On Monday, less than 24 hours after the conclusion of the 49th edition of the New York Film Festival, Richard Peña sat in the conference room at the Film Society of Lincoln Center and considered his past and his future.
The fourth floor was vacant; after the whirlwind that had consumed the space since the festival began in late September, the office was technically closed and most of the staff took the day off. But Peña, the festival’s chairman as well as the Film Society’s program director since 1988, was gearing up for another deadline.
The previous evening, prior to the closing-night screening of Alexander Payne’s “The Descendants,” Peña made public a decision many had predicted for some time: In 2012, following the festival’s 50th edition, he plans to step down. He will continue teaching film history at Columbia University and advising the Film Society on a new educational initiative, but after 25 years the man responsible for introducing American audiences to countless international auteurs will move on.
“At first, my kids were a little surprised by the idea of their father ‘retiring,'” he said, putting that last word in air quotes. “It was strange to them. But when we spoke about the possibilities, they supported me.”
Peña is considering opportunities to teach abroad and write; maybe even open a museum. Over the years, the dual pressures of running one of the world’s most prestigious festivals and overseeing year-round programming at the Walter Reade Theater hasn’t left room for much else. “Not to complain too much, but this really takes a lot of time,” he said. “It will be nice to take more of that time for myself.”
Peña is only the second person to oversee NYFF’s content; he took the reins from Richard Roud, whose own tenure lasted 25 years. Unlike Roud, Peña also managed year-round film programming at Lincoln Center, a job that grew increasingly significant with the opening of Walter Reade in 1991. International cinema became Peña’s chief mandate and over the years he’s been credited with introducing New Yorkers to filmmakers like Mike Leigh in addition to a plethora of eastern directors, such as Hou Hsiao-hsien.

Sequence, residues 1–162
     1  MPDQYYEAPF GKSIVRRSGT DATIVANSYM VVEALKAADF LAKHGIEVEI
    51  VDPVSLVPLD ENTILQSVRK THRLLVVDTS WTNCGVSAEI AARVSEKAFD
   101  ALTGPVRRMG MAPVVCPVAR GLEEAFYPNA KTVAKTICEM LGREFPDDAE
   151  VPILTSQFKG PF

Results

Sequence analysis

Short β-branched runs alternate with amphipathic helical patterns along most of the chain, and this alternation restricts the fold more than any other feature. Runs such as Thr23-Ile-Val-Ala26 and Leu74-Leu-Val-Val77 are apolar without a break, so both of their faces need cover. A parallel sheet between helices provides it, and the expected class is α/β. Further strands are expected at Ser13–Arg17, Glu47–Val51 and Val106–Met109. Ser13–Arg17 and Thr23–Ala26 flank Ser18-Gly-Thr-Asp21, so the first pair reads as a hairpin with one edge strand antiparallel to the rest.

Peña’s name has been synonymous with art house curation for so long that it’s hard to imagine the Film Society without his influence, and easy to wonder why he would ever want to leave such a lofty position. “I’m not stepping down because I can’t take it anymore,” said Peña, who’s 58. “My own confidence in the work hasn’t really changed.”
In fact, he’s been dropping hints about his departure for years. In a 2007 interview with The Reeler’s S.T. VanAirsdale, Peña explained that he “should probably leave in a few years” because “it’s time for someone else to bring in new ideas, new directions.” Rather than cite any specific moment when he made the decision to clear out, Peña said on Monday that he first began to seriously consider leaving the Film Society when he turned 50.
“Inevitably, you reflect on your life and wonder, ‘Well, am I just going to do this forever or try something else?'” he said. He committed himself to ensuring the successful opening of the Film Society’s new first-run theater, the Elinor Bunin Monroe Film Center, earlier this year. And while he’ll stick around for another 12 months, he doesn’t plan on directly participating in the search for a replacement, although associate programmer Scott Foundas has been rumored as a strong contender.
However, Peña does have some recommendations for the Film Society, including the possibility that his two jobs go to separate people. “I don’t think it would be a bad thing to hire two people,” he said, “not because no one can replace me but because the festival and the year-round programming has increased so much. The danger is that if you have two people, there could be some kind of conflict, but there are a lot of ways they could work together.”
He also argued in favor of younger replacements (Peña was in his late 30s when he came on board from the Art Institute of Chicago). “I’m not an ageist, but I do hope they get somebody who can be here for awhile,” he said. “I learned on the job. I hope the next person will have that luxury as well.”
In the meantime, Peña will continue combining the Film Society’s resources with his work as a college instructor. He already has a few ideas for the educational initiative he’ll develop in the coming months, including a year-long history of cinema series that would take audiences on a chronological tour of the medium. He describes the plan as “somewhere between academia and a public program” and hopes to tap into Columbia’s graduate school community for help.
“I’ve always thought that the business of the Film Society is to help write film history,” he said. He’s mulling over a few book ideas and already has an upcoming writing assignment about Clint Eastwood for an exhibition in Brazil.